>But if you start with a well designed linguistically sound language (Perl, PHP and C++ need not apply), then your IDE doesn't need to waste so much of its energy and complexity and coherence on papering over problems and making up for the deficiencies of the programming language design. (Like debugging mish-mashes of C++ templates and macros in header files!)


I think what Andrew Hejlsberg himself, the designer of C# and TypeScript, said speaks to the claims orange8 is making about TypeScript being a "VERY opinionated linter" and that "you loose a lot of its power and flexability by shoe-horning it into strongly typed languange patterns".

Andrew Hejlsberg's point is that TypeScript is a "multi-paradigm" language: it's not just strongly typed, but also structurally typed, interface based, plus everything else JavaScript itself is: dynamically typed, duck typed, functional, imperative, event driven, class based, prototype based, object oriented, etc.

Even the term "object oriented" has a broad spectrum of independent meanings: JavaScript has many but not all of the a la carte menu of features or properties of "object orientation" that Jonathan Rees listed in response to Paul Graham's essay "Why Arc isn't Especially Object-Oriented".

http://paulgraham.com/reesoo.html

http://mumble.net/~jar/articles/oo.html

http://paulgraham.com/noop.html

Andrew Hejlsberg said:

>I think it's wrong to talk about "Oh, I only like object oriented programming languages, or I only like imperative programming, or functional programming".

It's a mistake to think that TypeScript restricts you to just one way of programming, and you have to give up the ways you used to program JavaScript. TypeScript ADDS to the number of ways you can program JavaScript. It's a superset of the multiple programming paradigms that JavaScript supports.

You don't "loose a lot of its power and flexability by shoe-horning it into strongly typed languange patterns" -- quite the opposite, you don't "lose" anything: you actually gain more "flexibility" and more "language" patterns.


>> you don't "lose" anything: you actually gain more "flexibility" and more "language" patterns.

You do not need TS to use OOP language patterns in JS. Remember TS is compiled down to JS, so all that flexibility comes from JS. The same flexibility that makes the concept of TS and the 100 other "compile to JS" languages possible. Some of that flexibility is lost because you let the TS compiler make some decisions for you as it generates the JS output.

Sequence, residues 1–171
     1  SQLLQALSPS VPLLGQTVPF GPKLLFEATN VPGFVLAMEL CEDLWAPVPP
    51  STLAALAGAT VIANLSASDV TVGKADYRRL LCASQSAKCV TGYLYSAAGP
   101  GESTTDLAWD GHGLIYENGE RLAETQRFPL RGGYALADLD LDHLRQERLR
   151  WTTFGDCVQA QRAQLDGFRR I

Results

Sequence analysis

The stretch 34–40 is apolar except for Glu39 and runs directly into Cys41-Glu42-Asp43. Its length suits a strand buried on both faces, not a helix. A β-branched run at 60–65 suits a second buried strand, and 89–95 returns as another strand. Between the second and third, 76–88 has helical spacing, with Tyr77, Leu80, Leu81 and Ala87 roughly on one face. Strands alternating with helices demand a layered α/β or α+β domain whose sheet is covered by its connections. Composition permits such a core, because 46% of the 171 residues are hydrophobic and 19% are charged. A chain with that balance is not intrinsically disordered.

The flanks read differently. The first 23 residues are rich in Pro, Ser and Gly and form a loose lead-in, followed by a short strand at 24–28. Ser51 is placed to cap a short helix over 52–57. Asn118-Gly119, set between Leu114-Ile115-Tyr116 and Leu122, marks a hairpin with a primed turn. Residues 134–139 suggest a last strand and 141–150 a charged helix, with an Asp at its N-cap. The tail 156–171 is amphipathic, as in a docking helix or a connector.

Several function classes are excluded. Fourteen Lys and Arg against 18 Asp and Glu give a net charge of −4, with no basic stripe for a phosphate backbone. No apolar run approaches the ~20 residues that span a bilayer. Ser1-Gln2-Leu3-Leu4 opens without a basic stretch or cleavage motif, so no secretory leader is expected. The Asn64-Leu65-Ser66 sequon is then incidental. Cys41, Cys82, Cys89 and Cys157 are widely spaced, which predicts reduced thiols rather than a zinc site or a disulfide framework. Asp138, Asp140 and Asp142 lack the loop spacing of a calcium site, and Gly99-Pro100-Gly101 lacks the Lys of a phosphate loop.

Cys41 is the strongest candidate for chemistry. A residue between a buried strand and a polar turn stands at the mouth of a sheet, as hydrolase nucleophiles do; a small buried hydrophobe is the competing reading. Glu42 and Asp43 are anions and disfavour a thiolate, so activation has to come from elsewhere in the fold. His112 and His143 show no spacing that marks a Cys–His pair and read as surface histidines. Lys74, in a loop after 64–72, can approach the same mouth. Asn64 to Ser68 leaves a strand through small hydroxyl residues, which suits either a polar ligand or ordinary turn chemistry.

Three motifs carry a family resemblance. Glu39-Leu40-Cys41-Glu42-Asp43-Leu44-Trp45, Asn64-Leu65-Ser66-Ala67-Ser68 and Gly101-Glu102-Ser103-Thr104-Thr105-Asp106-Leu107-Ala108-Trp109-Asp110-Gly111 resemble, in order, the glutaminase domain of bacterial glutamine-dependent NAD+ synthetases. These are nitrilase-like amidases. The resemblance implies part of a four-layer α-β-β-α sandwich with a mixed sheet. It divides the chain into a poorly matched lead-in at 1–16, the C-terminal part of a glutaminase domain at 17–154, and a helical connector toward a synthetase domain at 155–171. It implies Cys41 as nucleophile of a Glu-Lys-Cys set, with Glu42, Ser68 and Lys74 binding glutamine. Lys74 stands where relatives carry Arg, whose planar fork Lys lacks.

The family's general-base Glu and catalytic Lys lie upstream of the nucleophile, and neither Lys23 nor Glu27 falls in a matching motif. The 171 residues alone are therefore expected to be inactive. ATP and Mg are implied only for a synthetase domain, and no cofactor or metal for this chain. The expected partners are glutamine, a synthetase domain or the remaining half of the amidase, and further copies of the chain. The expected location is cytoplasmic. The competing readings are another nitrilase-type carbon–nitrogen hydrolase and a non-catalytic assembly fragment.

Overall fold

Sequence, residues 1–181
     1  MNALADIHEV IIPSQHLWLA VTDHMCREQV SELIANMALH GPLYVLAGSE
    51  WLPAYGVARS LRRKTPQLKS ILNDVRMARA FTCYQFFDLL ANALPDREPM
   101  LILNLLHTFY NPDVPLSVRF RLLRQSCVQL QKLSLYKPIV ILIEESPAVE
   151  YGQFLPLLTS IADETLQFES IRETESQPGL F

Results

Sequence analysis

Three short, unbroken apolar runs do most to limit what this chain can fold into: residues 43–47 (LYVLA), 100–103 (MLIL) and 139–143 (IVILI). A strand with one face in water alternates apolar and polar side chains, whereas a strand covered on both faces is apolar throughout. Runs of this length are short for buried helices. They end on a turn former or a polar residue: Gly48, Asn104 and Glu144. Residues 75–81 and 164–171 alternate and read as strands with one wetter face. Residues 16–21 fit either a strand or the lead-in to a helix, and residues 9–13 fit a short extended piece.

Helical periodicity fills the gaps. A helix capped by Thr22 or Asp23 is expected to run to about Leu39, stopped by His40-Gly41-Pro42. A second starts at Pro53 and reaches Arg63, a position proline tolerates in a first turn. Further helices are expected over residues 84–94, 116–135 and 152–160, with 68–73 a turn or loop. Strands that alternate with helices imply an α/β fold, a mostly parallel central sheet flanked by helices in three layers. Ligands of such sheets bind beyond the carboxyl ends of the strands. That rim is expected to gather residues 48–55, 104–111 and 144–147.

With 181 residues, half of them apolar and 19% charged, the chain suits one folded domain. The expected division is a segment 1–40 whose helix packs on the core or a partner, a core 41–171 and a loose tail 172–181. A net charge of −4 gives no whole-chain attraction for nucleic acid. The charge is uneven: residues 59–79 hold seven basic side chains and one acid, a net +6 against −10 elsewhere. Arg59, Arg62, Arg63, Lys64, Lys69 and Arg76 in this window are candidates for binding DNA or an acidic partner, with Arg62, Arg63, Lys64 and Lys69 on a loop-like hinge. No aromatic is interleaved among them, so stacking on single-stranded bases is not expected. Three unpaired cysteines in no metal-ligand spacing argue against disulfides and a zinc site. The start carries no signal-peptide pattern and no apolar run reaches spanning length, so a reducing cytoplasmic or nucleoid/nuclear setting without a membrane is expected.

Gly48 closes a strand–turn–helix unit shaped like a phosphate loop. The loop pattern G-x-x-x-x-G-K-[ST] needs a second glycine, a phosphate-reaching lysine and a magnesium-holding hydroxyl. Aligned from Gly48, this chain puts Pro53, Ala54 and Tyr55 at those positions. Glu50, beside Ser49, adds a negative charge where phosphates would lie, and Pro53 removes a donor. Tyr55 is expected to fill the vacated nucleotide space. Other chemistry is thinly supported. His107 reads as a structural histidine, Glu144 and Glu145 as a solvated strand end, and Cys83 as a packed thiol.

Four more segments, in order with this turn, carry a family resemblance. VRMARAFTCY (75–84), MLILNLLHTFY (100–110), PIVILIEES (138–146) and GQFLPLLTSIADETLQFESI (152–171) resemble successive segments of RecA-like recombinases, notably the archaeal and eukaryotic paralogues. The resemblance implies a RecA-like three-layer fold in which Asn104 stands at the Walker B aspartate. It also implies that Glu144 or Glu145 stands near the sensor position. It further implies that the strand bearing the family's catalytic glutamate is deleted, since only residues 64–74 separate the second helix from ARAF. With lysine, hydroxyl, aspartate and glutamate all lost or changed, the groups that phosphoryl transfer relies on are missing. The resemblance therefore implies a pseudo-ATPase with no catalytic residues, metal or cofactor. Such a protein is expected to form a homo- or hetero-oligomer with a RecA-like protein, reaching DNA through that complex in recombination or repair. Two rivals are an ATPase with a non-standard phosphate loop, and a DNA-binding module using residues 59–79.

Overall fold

You're factually wrong: zero flexibility is lost. Not even any "flexability". (But I'm glad we're both using the same word now -- I was worried you had some completely different definition of "loose languange flexability" that you were arguing, because you don't seen to be making any sense, and your facts about TypeScript are wrong. Programmers who scoff at IDEs and compilers like you do should be more careful about your own spelling and punctuation and grammar and logic and facts and definitions and semantic arguments.)

The TypeScript compiler will BY DEFINITION compile any JavaScript code to equivalent JavaScript code that does exactly the same thing. So no flexibility is lost, which is obvious if you know TypeScript, or have bothered to read the second sentence of the first paragraph of the TypeScript wikipedia page. TypeScript is a "strict syntactical superset" of JavaScript. So it's impossible for the TypeScript compiler to decrease the flexibility of TypeScript, because all JavaScript is valid TypeScript. Understand?

https://en.wikipedia.org/wiki/TypeScript

>TypeScript is an open-source programming language developed and maintained by Microsoft. It is a strict syntactical superset of JavaScript, and adds optional static typing to the language.

Just the opposite of your claim, and consistent with what Wikipedia and Andrew Hejlsberg say, the TypeScript compiler "ADDS optional static typing to the language", which INCREASES the number of programming paradigms.

Yet you wrote:

>Remember TS is compiled down to JS, so all that flexibility comes from JS.